Professor Akio Tanabe of Japan’s Kyoto University and convener of Contemporary India Area Studies (INDAS), who was in the Capital recently, talks about Indo-Japan relations, how the two countries can contribute to the world and exchange opportunities. Excerpts from an interview.
Tell us about INDAS.
We realise that it is necessary to conduct comprehensive area studies on contemporary India and South Asia in order to gain a better understanding of the dynamics of the 21st century. In 2010, the INDAS (Contemporary India Area Studies) programme was launched at the initiative of the National Institutes for Humanities, which is under the Japanese government. It aims to develop a comprehensive understanding of the present dynamism of India from a holistic and long-term perspective. This research project is conducted, in collaboration with the National Institutes for the Humanities (NIHU), by the INDAS Network which consists of six research centres at Kyoto University, The University of Tokyo, Hiroshima University, National Museum of Ethnology, Tokyo University of Foreign Studies and Ryukoku University.
How is Japan seen as a study destination for Indians?
The Japanese academia was not good at initiating links with the outside world. Japan and India had links with Europe and the US but less within Asia. Japan has a network of six centres which are keen to establish links with Indian academia. We want to see more face-to-face exchanges rather than just exchanges on paper. We want to globalise our academic links and invite more Indian scholars and researchers to Japan. We hope to get governmental, civil and personal support for this.
In August this year, there has been an agreement of intent to establish cooperation between the Indian Council of Social Science Research (ICSSR), Indian Council of Historical Research (ICHR) and Japan Society for the Promotion of Science (JSPS). We want to substantiate this agreement in a way so that there will be actual exchanges.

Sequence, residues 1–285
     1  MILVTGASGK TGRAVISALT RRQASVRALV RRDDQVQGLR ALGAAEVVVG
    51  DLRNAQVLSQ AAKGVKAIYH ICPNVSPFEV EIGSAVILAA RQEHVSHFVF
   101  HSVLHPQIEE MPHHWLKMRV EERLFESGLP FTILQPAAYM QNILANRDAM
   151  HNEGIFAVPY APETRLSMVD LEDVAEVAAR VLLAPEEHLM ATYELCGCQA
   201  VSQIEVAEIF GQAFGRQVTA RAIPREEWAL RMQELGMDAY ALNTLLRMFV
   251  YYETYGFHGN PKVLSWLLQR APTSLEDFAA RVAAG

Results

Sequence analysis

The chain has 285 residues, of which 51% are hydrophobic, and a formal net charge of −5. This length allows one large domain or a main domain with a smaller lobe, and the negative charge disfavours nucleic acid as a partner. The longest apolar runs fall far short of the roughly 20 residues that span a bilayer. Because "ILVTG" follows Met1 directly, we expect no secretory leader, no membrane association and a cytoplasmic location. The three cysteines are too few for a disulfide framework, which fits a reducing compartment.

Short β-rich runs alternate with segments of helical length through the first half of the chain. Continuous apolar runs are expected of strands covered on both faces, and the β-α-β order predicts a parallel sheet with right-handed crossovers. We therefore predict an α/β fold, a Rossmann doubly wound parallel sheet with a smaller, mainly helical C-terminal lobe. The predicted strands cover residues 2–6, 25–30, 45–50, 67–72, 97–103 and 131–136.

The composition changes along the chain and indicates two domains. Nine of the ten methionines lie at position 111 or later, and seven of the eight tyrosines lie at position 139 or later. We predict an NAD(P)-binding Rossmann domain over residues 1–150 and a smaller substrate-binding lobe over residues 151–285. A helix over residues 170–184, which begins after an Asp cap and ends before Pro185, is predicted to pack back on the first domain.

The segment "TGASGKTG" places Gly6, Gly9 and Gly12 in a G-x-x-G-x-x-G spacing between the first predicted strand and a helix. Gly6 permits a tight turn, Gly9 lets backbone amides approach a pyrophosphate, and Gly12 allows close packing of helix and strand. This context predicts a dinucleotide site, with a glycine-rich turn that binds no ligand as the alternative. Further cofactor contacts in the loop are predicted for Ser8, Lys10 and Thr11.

What about Indian students in Japan?
There are many students from China, Nepal and Bangladesh from Asia, but few from India. One reason is the language barrier and lack of civil support. Till now, the medium of instruction in Japan was Japanese. We now want to adopt English as a second language and be bilingual so that we can get more students from India and other countries. The standard of learning has improved both in India and Japan. When we think of sending Japanese students abroad, we only think of Europe and the US. We need to change our cultural conscience and look at other destinations too.
What do you expect from the new Indian government?
There are many opinions about the new government. A lot of people in Japan are happy that Prime Minister Narendra Modi chose Japan as his first destination outside south Asia. He visited Kyoto first before entering Tokyo. Kyoto is a very important cultural centre... we can call it the cultural capital of Japan and I am glad that he is planning the smart heritage city on the Kyoto model.